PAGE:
(New York, NY) — The Chinese government’s rollout of a new public education policy for Inner Mongolia threatens to degrade ethnic Mongolians’ language rights and cultural identity, PEN America said today. The policy, which went into effect this week, would remove Mongolian-language instruction for several key subjects and has galvanized a series of wide-scale demonstrations across the region. While government education officials have stated that the change is intended to standardize curriculums across the country, PEN America is concerned that the new policy ties into larger governmental efforts to push the assimilation of ethnic minorities at the expense of their ability to express their cultural identities.

“It is difficult to understand how the Chinese government can claim with a straight face to be upholding the language rights of ethnic Mongolians, when this new policy will so clearly undercut those rights,” said James Tager, deputy director of free expression research and policy at PEN America. “Simply put, without a commitment by the state to ensure that Mongolian children can learn the Mongolian language, their guarantees that these language rights will be respected are completely toothless. This new policy flies in the face of its own commitments under both domestic and international law, to listen to the concerns of Inner Mongolian citizens, and we call on the Chinese government to reverse the policy and re-commit to the observance of minority language rights.”

Inner Mongolia is an autonomous region within the People’s Republic of China, with a large ethnic Mongolian population. A new education policy for the region, rolled out this summer, will replace Mongolian-language instruction with Chinese-language instruction in both elementary and middle schools. On Monday, regional officials reportedly issued a statement declaring that the changes will be implemented for classes in three major subjects: language and literature, politics, and history. Critics, including teachers in the region, have alleged that this new policy goes further than officials are publicly willing to admit, however, and warn that the new policy represents an effort to diminish the Mongolian language.

In response to the new policy, large-scale nonviolent protests have emerged across the country. These protests reportedly include creative tactics and forms of expression, such as older Mongolians writing hand-written letters in Mongolian, herders and students gathering to sing Mongolian folksongs, and Mongolian wrestlers refusing to perform in protest; additionally, some parents reportedly intend to refuse to send their children to school when it re-opens.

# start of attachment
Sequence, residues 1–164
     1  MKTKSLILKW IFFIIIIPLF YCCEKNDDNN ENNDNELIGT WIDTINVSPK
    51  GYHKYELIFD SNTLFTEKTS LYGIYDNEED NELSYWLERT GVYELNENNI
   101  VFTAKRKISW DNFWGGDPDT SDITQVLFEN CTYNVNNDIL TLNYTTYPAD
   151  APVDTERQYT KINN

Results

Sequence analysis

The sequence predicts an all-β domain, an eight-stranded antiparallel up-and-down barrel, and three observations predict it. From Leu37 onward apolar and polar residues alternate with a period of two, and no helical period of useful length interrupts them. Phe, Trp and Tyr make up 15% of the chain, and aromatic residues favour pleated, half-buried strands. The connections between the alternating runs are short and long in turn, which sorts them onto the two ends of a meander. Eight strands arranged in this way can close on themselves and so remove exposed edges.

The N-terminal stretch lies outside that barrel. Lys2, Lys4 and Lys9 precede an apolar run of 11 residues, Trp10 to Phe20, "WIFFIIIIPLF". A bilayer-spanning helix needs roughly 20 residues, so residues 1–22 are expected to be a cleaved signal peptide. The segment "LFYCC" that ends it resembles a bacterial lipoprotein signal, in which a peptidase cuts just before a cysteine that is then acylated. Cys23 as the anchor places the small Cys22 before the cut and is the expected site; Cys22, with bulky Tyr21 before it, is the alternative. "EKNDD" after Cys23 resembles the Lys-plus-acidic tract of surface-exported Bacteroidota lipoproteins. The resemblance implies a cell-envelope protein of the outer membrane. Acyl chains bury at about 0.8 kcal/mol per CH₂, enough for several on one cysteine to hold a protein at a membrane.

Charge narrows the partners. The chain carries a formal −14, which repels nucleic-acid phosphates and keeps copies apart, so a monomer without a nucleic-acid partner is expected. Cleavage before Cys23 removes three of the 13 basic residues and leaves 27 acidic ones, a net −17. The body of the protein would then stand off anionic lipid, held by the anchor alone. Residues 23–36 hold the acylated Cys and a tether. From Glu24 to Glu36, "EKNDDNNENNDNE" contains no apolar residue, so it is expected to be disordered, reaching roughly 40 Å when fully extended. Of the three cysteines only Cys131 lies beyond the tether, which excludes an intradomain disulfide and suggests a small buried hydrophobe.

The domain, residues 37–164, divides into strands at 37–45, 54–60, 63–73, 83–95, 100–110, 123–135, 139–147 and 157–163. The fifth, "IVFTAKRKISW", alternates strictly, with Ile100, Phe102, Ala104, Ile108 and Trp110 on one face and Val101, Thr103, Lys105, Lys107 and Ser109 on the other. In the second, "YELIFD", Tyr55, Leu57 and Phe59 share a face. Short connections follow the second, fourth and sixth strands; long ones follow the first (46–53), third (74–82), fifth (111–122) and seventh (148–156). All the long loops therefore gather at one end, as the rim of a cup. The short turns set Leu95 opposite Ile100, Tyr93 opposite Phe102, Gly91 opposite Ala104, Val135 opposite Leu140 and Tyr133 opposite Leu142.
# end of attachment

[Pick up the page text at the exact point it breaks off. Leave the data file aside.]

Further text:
News of the protests have been widely censored on Chinese social media. On August 23, the government reportedly shut down Bainuu, the nation’s only Mongolian-language social network, with 400,000 Inner Mongolian users. According to the rights monitor Southern Mongolian Human Rights Information Center (SMHRIC), hundreds of Mongolian users of the popular social media app WeChat have been personally contacted and warned by authorities not to spread information about the new education policy online. SMHRIC has also reported that hundreds of teachers across the region similarly been warned not to criticize or question the new policy, that protesters have been arrested or detained, and that students have been forcibly kept from leaving their schools in protest of the new policy.

“The people of Inner Mongolia are expressing their fear and grief at the prospect that their culture and language will be diminished under this new policy. By responding with censorship of their social media posts and targeting of peaceful protesters, the government is only further erasing their voice,” said PEN America’s Tager. “We call upon Inner Mongolian and Beijing officials alike to respond to these protests not by shutting down the conversation, but by listening to the people’s concerns and taking action to protect their culture.”

China’s constitution, as well as its Regional Ethnic Autonomy Law, explicitly protect the linguistic rights of ethnic minorities, including guarantees of the freedom of ethnic nationalities to use their own spoken and written language. China also has commitments under international law to safeguard minority language rights, including through articles 29(c) and 30 of the Convention of the Rights of the Child, and article 27 of the International Covenant on Civil and Political Rights, both of which have China as a signatory.

Language rights groups have warned that the government is increasingly advancing policies reducing the use of ethnic languages for education or government functions. One emblematic case: Tashi Wangchuk, an advocate for Tibetan-language education, who is currently serving five years in prison for “separatism” due to his peaceful call for the government to uphold Tibetan-language education and use. In Xinjiang, policies to reduce Uyghur-language education have accompanied large-scale abusive policies such as the forced internment of over a million Muslims.